The number of significantly differentially expressed genes (>2-fold) linked to immune responses by microarray data analysis


The number of ≥2-fold change genes in category


Cytokine production involved in inflammatory response



Negative regulation of NF-kappaB transcription factor activity



Negative regulation of cytokine production involved in inflammatory response



Regulation of cytokine production involved in inflammatory response



Regulation of intrinsic apoptotic signaling pathway in response to oxidative stress



Positive regulation of intrinsic apoptotic signaling pathway in response to oxidative stress



Positive regulation of response to oxidative stress



Regulation of response to oxidative stress



Response to oxidative stress



Cellular response to oxidative stress



Positive regulation of cellular response to oxidative stress



Regulation of cellular response to oxidative stress



11.3.3 Real-Time PCR Analysis

The alterations in gene expression could be considered as the evidence of changes in physiological function after exposure to radiation. We have already reported that some of the selected genes did not show any changes; however, some showed significant differences. As previously reported [16], the expression levels of the AIFM1, IFN-γ and TLR3 genes were significantly higher in abandoned pigs than in control pigs. However, the expression levels of cyclin G1, GADD45A, XRCC1, Smad7, XAB2, XPC, OGG1 and EPHX2 were similar in both groups. Here, we reprint the results of expression of the IFN-γ gene obtained in our previous study in Fig. 11.2a. The expression ratio and the elevation of IFN-γ showed large interindividual differences. Therefore, we next focused on the relationship between gene expression and 137Cs concentration because if radiation causes inflammation through oxidative stress, the elevation of IFN-γ expression might be related to the level of radiation exposure of each pig. Figure 11.2b is a modified version of a figure from our previous report [16]. IFN-γ gene expression was associated with 137Cs concentration in the muscle (y = 0.3687 × 10−6 ± 0.1342 × 10−6 x + 0.05727 ± 0.002299 [R2 = 0.3502]).
Fig. 11.2

(a) Real-time PCR analysis of IFN-γ gene expression in the small intestine of control pigs (n = 3) and pigs from the ex-evacuation zone in 2012 (n = 13). All data are expressed in relative units compared with control pigs. ∗P < 0.05. Data are presented as mean ± S.E. B: 137Cs concentration in skeletal muscle and expression of each gene (black circle, pigs in the ex-evacuation zone; white circle, control). A positive correlation was observed between muscle radioactivity and expression of IFN-γ (R2 = 0.3502). (a) Is reprinted and (b) is modified from our previous report [16]

11.3.4 Plasma Biochemistry

Plasma biochemistry refers to the chemical analysis of blood plasma which reflects the function of crucial organs. Most of the abandoned pigs examined (49/53) showed within the normal levels of GOT and the median value was also in the normal range (Fig.11.3a). Four out of 53 abandoned pigs showed high levels of GOT, which could be attributed to parasitic infection as a possible explanation. Adult Ascaris suum is a common roundworm in pigs worldwide. The migration of the larvae of this species through the liver causes parasite-induced liver inflammation. However, we did not find Ascaris suum in abandoned pigs.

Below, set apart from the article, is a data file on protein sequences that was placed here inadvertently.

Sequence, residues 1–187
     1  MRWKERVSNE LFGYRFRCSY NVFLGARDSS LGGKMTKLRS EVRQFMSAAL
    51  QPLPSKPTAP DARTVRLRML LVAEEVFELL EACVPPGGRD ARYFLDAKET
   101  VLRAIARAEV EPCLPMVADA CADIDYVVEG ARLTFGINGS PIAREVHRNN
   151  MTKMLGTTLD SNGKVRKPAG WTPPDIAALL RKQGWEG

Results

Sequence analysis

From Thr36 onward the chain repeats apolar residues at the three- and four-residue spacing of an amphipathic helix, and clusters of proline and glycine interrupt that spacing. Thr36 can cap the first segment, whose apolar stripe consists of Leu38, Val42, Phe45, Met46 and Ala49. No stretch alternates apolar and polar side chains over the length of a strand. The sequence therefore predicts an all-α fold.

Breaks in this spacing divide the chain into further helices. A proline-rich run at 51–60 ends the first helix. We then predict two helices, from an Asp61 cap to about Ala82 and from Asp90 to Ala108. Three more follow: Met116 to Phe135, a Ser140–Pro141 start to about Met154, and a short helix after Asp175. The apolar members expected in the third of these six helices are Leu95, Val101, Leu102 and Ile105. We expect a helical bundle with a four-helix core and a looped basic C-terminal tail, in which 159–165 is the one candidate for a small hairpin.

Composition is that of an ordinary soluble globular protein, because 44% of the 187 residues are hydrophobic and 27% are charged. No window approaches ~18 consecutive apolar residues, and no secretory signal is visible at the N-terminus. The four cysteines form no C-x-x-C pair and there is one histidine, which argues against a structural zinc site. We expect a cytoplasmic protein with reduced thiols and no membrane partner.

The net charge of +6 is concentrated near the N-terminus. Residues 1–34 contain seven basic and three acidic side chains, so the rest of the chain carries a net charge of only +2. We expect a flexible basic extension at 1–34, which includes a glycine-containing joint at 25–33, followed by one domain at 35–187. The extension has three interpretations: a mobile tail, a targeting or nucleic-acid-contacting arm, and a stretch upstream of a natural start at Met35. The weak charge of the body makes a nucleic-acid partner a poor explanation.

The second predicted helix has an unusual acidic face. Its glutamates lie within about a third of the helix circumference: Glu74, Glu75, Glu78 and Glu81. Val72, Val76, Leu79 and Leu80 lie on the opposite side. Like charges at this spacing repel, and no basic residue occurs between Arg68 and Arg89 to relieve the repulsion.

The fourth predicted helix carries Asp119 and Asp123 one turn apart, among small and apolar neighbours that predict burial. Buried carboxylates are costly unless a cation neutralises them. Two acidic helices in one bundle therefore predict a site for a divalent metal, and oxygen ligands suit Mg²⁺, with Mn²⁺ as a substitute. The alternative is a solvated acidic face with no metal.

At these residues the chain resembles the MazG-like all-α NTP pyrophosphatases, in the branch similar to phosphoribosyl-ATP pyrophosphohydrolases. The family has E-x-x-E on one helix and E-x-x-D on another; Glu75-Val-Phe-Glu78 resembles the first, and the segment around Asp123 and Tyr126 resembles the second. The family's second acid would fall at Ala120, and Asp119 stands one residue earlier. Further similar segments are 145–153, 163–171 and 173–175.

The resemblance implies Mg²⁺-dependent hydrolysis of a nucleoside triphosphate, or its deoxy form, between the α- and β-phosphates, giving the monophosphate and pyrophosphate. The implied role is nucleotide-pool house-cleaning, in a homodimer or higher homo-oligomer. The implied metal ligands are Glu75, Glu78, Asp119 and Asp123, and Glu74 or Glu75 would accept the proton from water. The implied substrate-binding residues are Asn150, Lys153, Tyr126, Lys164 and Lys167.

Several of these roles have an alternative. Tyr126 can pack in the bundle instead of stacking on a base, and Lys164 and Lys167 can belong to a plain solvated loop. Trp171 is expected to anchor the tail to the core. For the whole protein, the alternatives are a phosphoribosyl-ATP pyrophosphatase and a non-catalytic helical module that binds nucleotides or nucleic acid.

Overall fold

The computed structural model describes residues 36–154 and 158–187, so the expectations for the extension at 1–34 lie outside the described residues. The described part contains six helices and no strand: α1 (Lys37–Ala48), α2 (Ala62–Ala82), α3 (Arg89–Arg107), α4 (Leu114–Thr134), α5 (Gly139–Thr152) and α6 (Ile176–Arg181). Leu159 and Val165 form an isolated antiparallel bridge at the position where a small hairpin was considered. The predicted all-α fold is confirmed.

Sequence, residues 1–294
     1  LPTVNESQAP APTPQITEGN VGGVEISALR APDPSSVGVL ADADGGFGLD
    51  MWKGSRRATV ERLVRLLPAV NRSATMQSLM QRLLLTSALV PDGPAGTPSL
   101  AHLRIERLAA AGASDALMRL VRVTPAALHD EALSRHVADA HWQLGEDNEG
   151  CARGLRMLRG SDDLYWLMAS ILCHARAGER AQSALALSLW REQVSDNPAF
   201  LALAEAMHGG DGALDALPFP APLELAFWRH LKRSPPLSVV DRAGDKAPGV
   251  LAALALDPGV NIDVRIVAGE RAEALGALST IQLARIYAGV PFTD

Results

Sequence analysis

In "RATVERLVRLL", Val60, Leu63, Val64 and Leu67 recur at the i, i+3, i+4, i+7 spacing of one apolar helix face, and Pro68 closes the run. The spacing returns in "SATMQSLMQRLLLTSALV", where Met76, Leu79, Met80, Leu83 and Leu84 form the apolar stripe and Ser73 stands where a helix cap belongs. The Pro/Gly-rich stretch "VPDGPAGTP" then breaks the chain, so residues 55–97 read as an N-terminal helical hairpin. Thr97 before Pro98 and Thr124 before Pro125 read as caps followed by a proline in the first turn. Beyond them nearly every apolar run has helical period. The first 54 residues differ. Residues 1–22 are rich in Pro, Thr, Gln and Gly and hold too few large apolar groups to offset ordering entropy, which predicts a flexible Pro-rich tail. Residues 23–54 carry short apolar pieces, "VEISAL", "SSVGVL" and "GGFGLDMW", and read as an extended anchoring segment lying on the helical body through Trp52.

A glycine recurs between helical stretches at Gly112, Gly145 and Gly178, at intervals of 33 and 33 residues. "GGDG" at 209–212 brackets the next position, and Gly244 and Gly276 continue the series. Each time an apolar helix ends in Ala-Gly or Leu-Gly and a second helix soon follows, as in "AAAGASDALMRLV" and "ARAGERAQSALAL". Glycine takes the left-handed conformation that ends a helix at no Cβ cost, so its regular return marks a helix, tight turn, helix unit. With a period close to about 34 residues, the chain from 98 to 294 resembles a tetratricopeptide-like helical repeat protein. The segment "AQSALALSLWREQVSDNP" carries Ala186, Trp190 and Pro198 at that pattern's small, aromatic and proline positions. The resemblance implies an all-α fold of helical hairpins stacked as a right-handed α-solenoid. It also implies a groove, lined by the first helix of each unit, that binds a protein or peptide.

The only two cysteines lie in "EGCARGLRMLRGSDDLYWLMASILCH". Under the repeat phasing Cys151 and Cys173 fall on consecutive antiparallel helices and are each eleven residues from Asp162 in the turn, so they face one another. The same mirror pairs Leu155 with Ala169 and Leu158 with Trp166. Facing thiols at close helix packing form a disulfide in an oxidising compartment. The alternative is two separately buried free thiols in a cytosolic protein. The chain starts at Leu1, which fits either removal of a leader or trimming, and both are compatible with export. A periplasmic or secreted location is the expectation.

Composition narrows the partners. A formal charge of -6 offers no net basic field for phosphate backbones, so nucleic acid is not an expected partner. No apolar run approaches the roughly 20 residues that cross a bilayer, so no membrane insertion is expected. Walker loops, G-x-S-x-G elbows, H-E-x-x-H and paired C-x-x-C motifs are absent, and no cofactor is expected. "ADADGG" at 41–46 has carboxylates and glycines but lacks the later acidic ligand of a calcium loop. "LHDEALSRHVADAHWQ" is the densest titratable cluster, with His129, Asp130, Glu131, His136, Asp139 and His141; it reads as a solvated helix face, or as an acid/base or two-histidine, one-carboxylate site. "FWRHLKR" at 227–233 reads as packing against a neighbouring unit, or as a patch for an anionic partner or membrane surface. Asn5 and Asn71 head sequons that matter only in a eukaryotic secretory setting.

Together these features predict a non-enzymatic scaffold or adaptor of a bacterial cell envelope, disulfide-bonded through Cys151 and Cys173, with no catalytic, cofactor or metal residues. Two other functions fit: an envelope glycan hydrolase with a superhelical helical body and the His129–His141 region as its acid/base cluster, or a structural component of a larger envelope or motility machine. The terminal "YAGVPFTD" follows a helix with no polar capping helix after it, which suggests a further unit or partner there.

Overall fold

Fig. 11.3

Biochemical analysis of peripheral blood from abandoned pigs. (a) GOT: glutamic oxaloacetic transaminase; (b) BUN: blood urea nitrogen; (c) TCHO: total cholesterol (n = 53). Normal ranges are indicated with dashed lines

Blood urea nitrogen (BUN) reflects the kidney function. The BUN value of half of the abandoned pigs was outside the normal range (Fig.11.3b). The detailed reason is not clear, but elevated BUN might be due to dehydration resulting from not drinking enough, and lower BUN might be due to the poor nutritional condition, especially low-protein diet.

Total cholesterol (TCHO) is an indicator of nutritional condition. About half of the abandoned pigs examined showed levels of TCHO below the normal range (Fig.11.3c), which could be attributed to a lack of concentrated feed.

11.3.5 Pathological and Morphological Changes in the Small Intestine

As we previously reported that there were no remarkable changes including fibrosis in the intestinal tissues of abandoned pigs [16]. Despite the highly elevated IFN-γ gene expression, there were no pathological or morphological changes in both the abandoned and the non-affected control groups (Fig.11.4).
Fig. 11.4

Representative images of hematoxylin and eosin staining. (a) Control; (b) an abandoned pig. All images were acquired from 4-μm-thick sections at 40×. The results suggest no morphologically remarkable changes in the small intestine of abandoned pigs after the accident

11.4 Discussion

The Great East Japan Earthquake and tsunami struck the Tohoku (east-north) area of Japan in 2011. The Japanese authorities eventually recategorized the situation at FNPP as a level 7 incident on the International Nuclear Event Scale. A maximum of 164,865 people were evacuated from the ex-evacuation zone, within a 20-km radius from FNPP.

Before the earthquake, livestock farming was thriving in this area. More than 184,000 pigs and 74,000 beef cattle were raised in the whole of Fukushima Prefecture in February 2011 [18]. However, the livestock were abandoned in the ex-evacuation zone and most of them have already been euthanized. Our goal here was to accurately analyze the effect of radiation on the animals, to archive all of the data and to present them in a useful format for future generations. This is because such rare data from a contaminated area are very important for understanding biological reactions to radiation in vivo.